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Brent’s Method is a refinement of Newton’s Method for the numerical solution of any equation with one variable. The User Defined Function (UDF) QuadBrent was described in: The Inverse Quadratic Method 3 – Brent’s Method

Following a recent question, I have updated the function and added some simple examples and additional documentation, linking to the Wikipedia article. The new spreadsheet can be downloaded from:

## ItSolve.zip

The main update is that in addition to calling a VBA function to solve, the equation may be entered as text on the spreadsheet. There is also a new function, QuadBrentT, for which this option is the default.

A simple example, solving a trigonometric equation, is shown in the screen-shot below (click on any image for full size view):

The function to be solved is entered as text in cell B4. Using the original QuadBrent function, the default function type is the name of a VBA function. To solve a text function on the spreadsheet, the new “EvalTxt” argument must be set to True. The full list of arguments is now:

QuadBrent(Func, Ak, Bk, *Coefficients, YTol , MaxIts , Subr, XTol, EvalTxt , ParamA , SolveFor* )

- Func: Name of VBA function, or function entered as text on the spreadsheet
- Ak: Minimum x value
- Bk: Maximum x value
- Coefficients: value of fixed parameters used in the function; default = none
- Ytol: solution tolerance on Y value; default = 1E-12
- MaxIts; maximum iterations, default = 20
- Subr: solution type; 1= Inverse Quadratic (default), 2 = Quadratic
- XTol: solution tolerance on X value; default = 1E-12
- EvalTxt: evaluate the entered text string; default = False
- ParamA; list of fixed parameters (required if EvalTxt = True only); default = none
- SolveFor: variable character (required if EvalTxt = True only); default = “x”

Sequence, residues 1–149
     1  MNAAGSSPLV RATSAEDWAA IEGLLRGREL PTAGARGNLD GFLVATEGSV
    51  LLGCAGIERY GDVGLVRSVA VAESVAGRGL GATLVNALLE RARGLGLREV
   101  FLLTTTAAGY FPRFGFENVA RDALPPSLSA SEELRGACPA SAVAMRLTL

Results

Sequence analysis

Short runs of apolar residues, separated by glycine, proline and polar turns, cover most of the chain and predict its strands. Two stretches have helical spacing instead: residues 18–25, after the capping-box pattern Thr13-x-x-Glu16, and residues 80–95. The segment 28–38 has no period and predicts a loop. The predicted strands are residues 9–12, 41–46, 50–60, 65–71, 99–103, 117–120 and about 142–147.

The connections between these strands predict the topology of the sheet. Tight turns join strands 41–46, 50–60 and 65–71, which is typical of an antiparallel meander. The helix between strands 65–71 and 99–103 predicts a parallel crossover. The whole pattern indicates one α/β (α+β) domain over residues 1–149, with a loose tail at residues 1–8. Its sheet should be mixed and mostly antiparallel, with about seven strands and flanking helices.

For the new QuadBrentT function the argument order and defaults are changed for greater convenience when evaluating text functions on the spreadsheet:

QuadBrentT(Func, Ak, Bk*, ParamA*, *Coefficients, SolveFor, YTol , MaxIts , Subr, XTol* )

Arguments are as listed above, except EvalTxt is no longer required, since it is always true.

In this example the solution to the equation could of course easily be found using the ASin function, but the method is easily applied to more complex equations, as shown below:

In this case two additional array arguments are required: the symbols representing constant values, and their associated values.

The next example illustrates the use of the QuadBrent function calling a VBA function to solve the same equation as above. The code for VBA_1 is:

Function VBA_1(Coeffa As Variant, x As Double) VBA_1 = Coeffa(1, 1) * Sin(x) - Coeffa(2, 1) * Cos(x) - Coeffa(3, 1) End Function

Note that all required data must be passed as a single variant array, followed by the function variable.

The algorithm for Brent’s Method (taken from the Wikipedia page) is shown below:

This is applied to the first simple example on the spreadsheet, showing the results for each step of each iteration:

The Wikipedia page has a more complex example, solving a cubic equation. This is solved with the QuadBrentT function below, and also with the Cubic UDF:

The step by step method is also shown on the spreadsheet:

This can be compared with the listing of the results at each iteration on the Wikipedia page:

Not that, at the time of writing, steps 7 to 9 have corrected results shown at the end of the line, and these corrected values agree with the spreadsheet results shown above.

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